[Avodah] carrying an ID card on shabbat

Zev Sero zev at sero.name
Fri Mar 15 08:44:20 PDT 2013

On 15/03/2013 6:19 AM, Chana Luntz wrote:
> the halachic point that a shvus d'shvus b'mkom mitzvah
> would seem to be pretty standard,

It is standard, but the standard condition is that it is impossible to
observe the mitzvah in even the most minimal way without violating the
shvus dishvus.  That's what I'm questioning here.

[Email #2 -micha]

On 15/03/2013 6:19 AM, Chana Luntz wrote:
> I wrote:

>>> I am not going to deal with the issue in detail regarding a shvus
>>> d'shvus letzorech mitzvah - because I note that there is a teshuva
>>> directly on point from the Kol Mevasser chelek 1 siman 79.

>> Who is the author of this sefer?

>> Rabbi Meshulam Rath (1875-1963).

OK, so hebrewbooks.com hasn't got it.

>>> He doesn't mention war or any emergency, rather the question is about
>>> carrying some sort of identity
>>> card (teudat hamishtara) in one's hat purely due to a "gezera hamalchus".

>> When and where did he live, and what were the circumstances at the time?
> What were the consequences at the time for defying a "gezeras hamalchus"?

> Born in 1875 in Poland, was a Rav in Romania for a while. Immigrated to
> Israel in 1949. Died in Bnei Brak in 1963.

Since you have the sefer, can you tell me the date and place of the
teshuvah?  My point is that the circumstances in which it was written are
highly relevant.  Much of his professional life would have been spent in
times of war and emergency, and even more of it in times when antisemitism
was taken for granted and "gezeras hamalchus" was a serious matter; ignoring
it was not a viable option, and the idea of openly defying or fighting it
was simply inconceivable.

> Earlier I wrote:

>>> If you are a slightly anti-semitic police officer (or even just a
>>> stickler for law
>>> enforcement), you have just been handed a piece of knowledge that
>>> could enable you to  have lot of fun harassing Orthodox Jews - all
>>> perfectly legally.  [...] After all, if I was a purely mercenary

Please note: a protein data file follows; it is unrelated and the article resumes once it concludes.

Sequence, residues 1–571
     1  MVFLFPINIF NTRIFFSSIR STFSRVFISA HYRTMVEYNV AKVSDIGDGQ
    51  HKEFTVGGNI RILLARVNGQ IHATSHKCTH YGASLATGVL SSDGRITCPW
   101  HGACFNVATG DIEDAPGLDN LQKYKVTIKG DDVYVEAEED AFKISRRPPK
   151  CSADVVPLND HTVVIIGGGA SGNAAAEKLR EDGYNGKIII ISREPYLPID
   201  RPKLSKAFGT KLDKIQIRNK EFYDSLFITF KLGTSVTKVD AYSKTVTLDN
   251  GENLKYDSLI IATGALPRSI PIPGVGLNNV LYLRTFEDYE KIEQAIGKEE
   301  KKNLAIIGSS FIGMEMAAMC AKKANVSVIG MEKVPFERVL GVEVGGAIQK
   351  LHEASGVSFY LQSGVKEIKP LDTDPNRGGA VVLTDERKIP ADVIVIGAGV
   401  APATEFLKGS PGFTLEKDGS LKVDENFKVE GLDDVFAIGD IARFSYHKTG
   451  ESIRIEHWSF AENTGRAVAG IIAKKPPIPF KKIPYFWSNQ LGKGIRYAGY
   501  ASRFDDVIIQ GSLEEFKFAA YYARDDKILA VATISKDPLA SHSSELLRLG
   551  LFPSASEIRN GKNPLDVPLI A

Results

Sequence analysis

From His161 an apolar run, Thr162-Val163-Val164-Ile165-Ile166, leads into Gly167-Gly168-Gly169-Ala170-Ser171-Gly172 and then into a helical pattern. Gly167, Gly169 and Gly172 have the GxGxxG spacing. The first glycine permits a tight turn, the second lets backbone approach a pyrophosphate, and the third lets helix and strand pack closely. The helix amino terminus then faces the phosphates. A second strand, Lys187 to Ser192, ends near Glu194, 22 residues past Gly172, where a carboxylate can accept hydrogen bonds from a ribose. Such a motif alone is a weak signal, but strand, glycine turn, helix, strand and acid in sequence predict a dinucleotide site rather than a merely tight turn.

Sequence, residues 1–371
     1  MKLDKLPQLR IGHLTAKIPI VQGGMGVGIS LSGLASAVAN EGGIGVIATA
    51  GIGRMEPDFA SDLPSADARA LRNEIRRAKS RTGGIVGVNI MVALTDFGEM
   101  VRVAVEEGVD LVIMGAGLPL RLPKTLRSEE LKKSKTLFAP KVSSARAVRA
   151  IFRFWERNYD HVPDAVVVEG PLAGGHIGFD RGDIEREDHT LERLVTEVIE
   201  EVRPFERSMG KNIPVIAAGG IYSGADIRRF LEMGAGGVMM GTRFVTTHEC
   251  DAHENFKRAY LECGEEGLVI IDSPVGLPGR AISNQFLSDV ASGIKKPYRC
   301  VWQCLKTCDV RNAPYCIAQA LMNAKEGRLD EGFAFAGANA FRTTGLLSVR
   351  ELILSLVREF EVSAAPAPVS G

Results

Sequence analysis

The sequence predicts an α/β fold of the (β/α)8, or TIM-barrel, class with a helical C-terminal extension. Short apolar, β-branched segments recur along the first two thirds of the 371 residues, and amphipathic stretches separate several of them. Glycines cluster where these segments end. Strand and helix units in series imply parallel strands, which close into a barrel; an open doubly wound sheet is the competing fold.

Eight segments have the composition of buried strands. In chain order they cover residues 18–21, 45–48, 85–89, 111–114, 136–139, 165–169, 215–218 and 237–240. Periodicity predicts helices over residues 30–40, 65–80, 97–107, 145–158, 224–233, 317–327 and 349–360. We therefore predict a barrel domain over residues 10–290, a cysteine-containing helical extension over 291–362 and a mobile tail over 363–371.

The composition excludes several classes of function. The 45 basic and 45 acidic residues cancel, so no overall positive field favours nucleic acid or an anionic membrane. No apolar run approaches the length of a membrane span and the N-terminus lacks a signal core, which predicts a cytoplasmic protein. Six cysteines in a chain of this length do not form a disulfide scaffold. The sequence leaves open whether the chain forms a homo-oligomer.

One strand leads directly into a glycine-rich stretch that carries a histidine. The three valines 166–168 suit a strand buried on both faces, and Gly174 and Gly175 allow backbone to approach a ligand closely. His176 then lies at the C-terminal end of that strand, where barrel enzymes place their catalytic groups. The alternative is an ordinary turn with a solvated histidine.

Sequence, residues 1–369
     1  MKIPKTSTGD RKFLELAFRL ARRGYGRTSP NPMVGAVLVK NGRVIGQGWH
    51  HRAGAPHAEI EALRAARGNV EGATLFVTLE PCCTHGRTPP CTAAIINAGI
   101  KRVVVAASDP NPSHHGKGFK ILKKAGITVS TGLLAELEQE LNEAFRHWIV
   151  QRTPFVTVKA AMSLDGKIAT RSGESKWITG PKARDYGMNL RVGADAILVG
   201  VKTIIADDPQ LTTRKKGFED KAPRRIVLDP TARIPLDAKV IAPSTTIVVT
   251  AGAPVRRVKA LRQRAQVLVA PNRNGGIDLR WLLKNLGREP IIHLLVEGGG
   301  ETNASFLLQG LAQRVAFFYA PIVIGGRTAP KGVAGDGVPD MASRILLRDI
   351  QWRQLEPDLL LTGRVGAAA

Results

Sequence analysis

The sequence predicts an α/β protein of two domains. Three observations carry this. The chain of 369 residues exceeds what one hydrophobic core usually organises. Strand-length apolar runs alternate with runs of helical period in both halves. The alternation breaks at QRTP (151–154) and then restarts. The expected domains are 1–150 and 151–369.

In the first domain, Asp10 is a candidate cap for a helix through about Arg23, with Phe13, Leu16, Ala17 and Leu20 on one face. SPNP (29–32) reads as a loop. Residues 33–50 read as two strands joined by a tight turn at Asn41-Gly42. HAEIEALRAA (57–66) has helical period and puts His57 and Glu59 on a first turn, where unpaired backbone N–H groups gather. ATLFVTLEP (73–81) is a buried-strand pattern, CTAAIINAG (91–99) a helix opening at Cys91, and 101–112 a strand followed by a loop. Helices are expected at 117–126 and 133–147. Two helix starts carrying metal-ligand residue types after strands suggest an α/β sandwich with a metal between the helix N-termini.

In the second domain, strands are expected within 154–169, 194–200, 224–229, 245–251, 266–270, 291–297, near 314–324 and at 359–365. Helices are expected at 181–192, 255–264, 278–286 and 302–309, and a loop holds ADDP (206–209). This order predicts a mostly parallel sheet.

>>> minded member of the local authority, I might rather appreciate having
>>> found a way of generating yet more money for my budget by way of an
>>> "Orthodox Jew Tax" - and quite happy to authorise my police officers to
> go on a collection mission every shabbas.

> And RZS replied:

>> This is precisely why I think it's important for the Dutch community to
>> resist this, and *not* to find any heterim to comply.  A deliberate campaign
>> to harass and mulct shomrei shabbos comes pretty close to "she'as hashmad".
>> An individual may be able to find a heter for himself, but in doing so he
>> only makes it worse for the community.

> Tricky - because while individuals (including police officers) may well be
> motivated by anti-semitism, the overall law is not

I don't see how that matters.  It's not the overall law that's the problem,
it's the enforcement.  If the enforcement (in your hypothetical) is targeted
at us, then it's close to "she'as hashmad", and since we *can* fight it we
should.  And an individual who compromises his observance in order to comply
with it harms that cause.

> If the Orthodox Jewish community
> fights this, and indeed does get the authorities to back down, which again
> will need to happen publically, the same "heter" will then be available to
> the Muslim communities.

How so?  What religious requirement do they have that would prevent them
from carrying ID on a given day (or ever)?  The Jews wouldn't be campaigning
for the abolition of the ID law (much as that might be desirable on general
civil liberties grounds, the gemeinde is not the DCLU), but for reasonable
accommodation of a genuine religious restraint, such as would be routine in
the USA (and would be legally required in the case of a federal law).

Zev Sero
zev at sero.name

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